He knew he should have held his tongue, but sarcasm was his coping mechanism. It was the only way he knew how to deal with difficult situations. He looked through the window and saw that the downpour had subsided. Overcome by the urge to smoke, he sat up and swung his legs off the side of the bed. His feet landed in a little puddle of rainwater that was seeping through the ceiling and collecting in this tiny pool. He frowned and rubbed his feet on the floor by the side of the puddle. He hated living here, but copywriters can’t afford the same life of prosperity they’re paid to promote.
He picked up the box of cigarettes from the side table, ambled over to the sliding windows and slid one of them back. The flame from his lighter briefly bathed the room in its warm, amber glow. He spotted her turn her face ever so slightly to give him a look of disapproval. He lit his cigarette in defiance and took a long drag. The smoke warmed his insides as it rushed into his lungs and cleared his head. He exhaled forcefully and sent the smoke racing towards her. She angrily snapped her face away and buried her head in a pillow.
He put the cigarette to his lips and took another drag. Things weren’t usually like this between them. He couldn’t even remember the last time they had fought. Their relationship had been perfect from the very beginning. He had met her on the rebound and spent the first few weeks with her on edge, waiting to see when things would fall apart. As the weeks turned into months and the months into years, he fell madly in love with her. It wasn’t fair that he would have to give it all up now that things were going so well. He had been toying with the idea of asking her to marry him, but those plans would have to be put on hold for now. It’s like she was testing him with this shit.
He felt the tiny hairs on the back of his fingers being singed by the cigarette which had burned right down to the butt. He quickly stubbed it out on the wall outside the window and threw the butt over the compound wall for his neighbours to find and complain about the next day. He slid the window shut and turned back around to look at her. The light from the streetlamps outside passed through the rain-streaked window and produced an intricate web of dappled shadows across her naked back. How could he not be madly in love with her?
Kneeling by her side, he watched her for a while and, only when he was certain that she was faking sleep, he gently flicked her nose. Her brow was still lightly creased in annoyance when she opened her eyes, but at least she didn’t seem as angry with him as she’d earlier been.
“I’m sorry” he said sheepishly, “I’m just really afraid that I’m going to lose you.”
“Don’t be silly, baby. I love you!” She reached out from under the blanket and caressed his face. “That isn’t going to change just because I move to another city.”
“I know that. And you know that” he admitted, taking her hand in his “But there’s always that little voice in the back of my head going ‘What if…?’ And I don’t care to find out, you know?”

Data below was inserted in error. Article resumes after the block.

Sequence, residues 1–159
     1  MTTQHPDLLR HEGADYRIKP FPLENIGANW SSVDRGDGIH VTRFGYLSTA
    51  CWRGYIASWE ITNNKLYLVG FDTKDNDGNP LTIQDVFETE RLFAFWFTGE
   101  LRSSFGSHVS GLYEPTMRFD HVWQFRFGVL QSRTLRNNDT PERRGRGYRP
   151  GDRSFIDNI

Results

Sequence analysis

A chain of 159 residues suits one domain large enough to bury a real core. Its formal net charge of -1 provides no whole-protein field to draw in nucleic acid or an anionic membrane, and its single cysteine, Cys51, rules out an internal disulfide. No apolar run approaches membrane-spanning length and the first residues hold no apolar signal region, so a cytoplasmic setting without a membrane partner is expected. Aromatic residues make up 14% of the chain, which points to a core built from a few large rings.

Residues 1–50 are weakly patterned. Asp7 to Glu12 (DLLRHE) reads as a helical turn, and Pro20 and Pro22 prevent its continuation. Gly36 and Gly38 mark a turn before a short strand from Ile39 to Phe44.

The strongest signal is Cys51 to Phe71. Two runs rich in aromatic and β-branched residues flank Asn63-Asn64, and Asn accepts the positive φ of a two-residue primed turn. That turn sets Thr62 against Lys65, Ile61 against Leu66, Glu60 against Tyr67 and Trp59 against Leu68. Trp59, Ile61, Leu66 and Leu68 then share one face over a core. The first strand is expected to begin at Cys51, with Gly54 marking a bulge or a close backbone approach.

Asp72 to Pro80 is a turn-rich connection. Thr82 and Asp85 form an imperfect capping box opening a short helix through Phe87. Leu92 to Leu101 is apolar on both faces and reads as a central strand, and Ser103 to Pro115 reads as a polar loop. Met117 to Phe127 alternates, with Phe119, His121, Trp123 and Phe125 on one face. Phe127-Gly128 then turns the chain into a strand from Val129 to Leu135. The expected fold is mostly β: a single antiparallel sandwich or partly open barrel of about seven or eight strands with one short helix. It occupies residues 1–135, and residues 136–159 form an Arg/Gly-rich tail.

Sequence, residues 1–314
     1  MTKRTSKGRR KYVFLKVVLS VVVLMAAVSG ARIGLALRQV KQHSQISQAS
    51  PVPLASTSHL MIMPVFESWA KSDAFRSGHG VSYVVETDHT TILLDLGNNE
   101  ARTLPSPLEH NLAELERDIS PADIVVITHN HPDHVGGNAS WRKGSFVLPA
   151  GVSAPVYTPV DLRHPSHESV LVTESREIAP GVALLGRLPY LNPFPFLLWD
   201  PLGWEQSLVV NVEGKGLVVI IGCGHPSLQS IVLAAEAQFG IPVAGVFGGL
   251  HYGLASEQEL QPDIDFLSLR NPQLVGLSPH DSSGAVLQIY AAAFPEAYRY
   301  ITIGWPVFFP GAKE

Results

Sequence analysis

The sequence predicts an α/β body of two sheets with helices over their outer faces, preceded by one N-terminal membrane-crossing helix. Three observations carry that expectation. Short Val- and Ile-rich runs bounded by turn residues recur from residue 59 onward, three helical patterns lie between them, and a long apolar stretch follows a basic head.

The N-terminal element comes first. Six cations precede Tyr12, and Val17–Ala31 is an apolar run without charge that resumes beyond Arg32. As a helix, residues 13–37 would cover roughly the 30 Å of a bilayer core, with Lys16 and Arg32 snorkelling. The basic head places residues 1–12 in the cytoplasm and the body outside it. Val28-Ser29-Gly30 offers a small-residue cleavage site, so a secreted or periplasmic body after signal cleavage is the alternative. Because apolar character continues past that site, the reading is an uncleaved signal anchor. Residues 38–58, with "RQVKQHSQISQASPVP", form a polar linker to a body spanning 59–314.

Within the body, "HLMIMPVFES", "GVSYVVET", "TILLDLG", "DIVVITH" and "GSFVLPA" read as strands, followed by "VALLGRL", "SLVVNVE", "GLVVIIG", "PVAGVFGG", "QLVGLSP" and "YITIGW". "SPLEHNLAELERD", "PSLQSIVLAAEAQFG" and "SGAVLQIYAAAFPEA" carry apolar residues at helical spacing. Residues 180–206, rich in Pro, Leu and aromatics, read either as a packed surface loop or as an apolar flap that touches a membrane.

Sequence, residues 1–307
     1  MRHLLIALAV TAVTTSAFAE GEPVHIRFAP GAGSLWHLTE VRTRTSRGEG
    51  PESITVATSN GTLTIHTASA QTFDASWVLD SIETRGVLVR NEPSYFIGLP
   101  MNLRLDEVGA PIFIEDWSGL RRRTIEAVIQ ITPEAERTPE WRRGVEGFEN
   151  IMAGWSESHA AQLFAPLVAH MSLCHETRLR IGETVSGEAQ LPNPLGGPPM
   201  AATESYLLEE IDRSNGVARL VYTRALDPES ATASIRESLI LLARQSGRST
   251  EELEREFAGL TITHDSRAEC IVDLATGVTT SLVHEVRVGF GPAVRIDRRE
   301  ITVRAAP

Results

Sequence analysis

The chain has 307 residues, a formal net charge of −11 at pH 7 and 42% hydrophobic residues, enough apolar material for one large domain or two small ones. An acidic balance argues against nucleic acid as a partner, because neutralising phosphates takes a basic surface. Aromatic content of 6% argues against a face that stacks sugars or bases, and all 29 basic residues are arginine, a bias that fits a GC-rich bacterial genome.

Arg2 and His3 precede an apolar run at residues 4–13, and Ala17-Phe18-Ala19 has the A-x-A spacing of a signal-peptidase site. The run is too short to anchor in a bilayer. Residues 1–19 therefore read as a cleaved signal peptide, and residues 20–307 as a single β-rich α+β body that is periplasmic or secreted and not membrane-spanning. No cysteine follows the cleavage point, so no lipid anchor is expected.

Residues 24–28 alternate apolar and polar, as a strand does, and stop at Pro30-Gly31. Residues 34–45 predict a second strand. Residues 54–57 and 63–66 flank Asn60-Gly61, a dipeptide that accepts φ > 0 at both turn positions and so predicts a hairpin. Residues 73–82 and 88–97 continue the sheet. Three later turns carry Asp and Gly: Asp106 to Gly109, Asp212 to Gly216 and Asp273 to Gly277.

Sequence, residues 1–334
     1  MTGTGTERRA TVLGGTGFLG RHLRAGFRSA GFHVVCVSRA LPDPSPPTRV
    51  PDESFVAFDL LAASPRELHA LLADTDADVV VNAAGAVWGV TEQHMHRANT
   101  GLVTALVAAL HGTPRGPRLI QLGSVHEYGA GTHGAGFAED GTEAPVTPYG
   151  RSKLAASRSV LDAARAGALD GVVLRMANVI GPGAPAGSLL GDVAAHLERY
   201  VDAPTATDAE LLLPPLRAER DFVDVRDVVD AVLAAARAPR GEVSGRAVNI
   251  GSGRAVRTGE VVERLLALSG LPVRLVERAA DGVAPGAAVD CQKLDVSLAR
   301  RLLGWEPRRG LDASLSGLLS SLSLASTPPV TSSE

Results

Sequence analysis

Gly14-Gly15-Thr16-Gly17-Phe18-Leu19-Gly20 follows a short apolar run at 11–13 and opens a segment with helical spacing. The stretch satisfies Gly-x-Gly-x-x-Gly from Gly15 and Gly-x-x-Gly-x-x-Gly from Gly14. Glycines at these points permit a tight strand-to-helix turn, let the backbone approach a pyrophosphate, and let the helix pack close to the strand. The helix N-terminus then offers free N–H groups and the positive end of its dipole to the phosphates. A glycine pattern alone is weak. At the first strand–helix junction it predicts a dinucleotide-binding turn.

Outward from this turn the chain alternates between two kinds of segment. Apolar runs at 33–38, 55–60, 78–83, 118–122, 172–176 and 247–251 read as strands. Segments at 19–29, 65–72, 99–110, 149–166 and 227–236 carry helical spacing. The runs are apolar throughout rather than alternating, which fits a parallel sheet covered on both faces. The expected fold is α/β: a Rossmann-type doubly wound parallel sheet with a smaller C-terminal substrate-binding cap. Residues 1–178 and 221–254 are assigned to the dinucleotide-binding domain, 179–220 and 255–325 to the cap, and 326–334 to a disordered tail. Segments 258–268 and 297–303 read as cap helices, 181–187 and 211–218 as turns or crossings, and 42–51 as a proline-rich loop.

When she looked at him the way she was now – a curious mixture of love and sympathy – he was never too sure how to feel. He felt like it had become all too common over the past few weeks.
“Look,” he laboured on, “just promise me that you’ll do everything you can to keep things the way they are, okay?”
“It won’t be exactly the same, hon, but I’ll try my best” she said, sounding apologetic.
“Don’t give up before you even try” he said defiantly, thrusting his chin out at her.
She sighed softly.
“Can we talk about this tomorrow, please? I really need to get some sleep.”
He tried not to look like she had slapped him. And failed.
“Fine” He spat the word out and climbed over her to get into bed.
As he listened to her snoring gently beside him, his head spun and he turned his mind upside down searching for a solution. His best friend had been in a long-distance relationship for three years now and he was doing just fine. And there are a million ways to stay in touch these days.
He began to work out a schedule for her so that she could stay in touch with him when she was away. He went over a mental checklist of all the apps they’d need to stay in touch – Whatsapp, Viber, Snapchat, Facebook, Skype. He considered signing up for Instagram so that he could follow her feed. He was going to tell her to set aside an hour every night so that they could talk to each other every day, preferably on Skype so they could look at each other for a while too. He checked his calendar for long weekends and browsed travel websites for fare prices. He trawled the internet for a list of unsafe places in Calcutta that she should avoid at all costs. He thought about all the people she would meet there and how he’d have to make friends with her new friends so that he could make sure whether everything was alright whenever he couldn’t get through to her on the phone. He wondered if the rains in Calcutta were half as bad as they were in Bombay.
Everyone waits patiently through the summer for the monsoon to grant them a little respite from the heat. When the first drops fell from the heavens, the city rejoiced. They danced and screamed and jumped for joy. The first rains washed away the dust and grime of summer. It fell upon upturned smiling faces and brought laughter to children dancing on the streets.
Then the downpour continued for two more days. It was relentless.
All activity came grinding to a halt. Nobody was smiling or dancing anymore. Sheets of rain battered the city and washed away all the joy it had brought with it. The wind howled through the streets. It sounded like the city was begging the monsoon for respite, so that there could be joy again when they were reunited next.
And through it all, he slept beside her. Oblivious.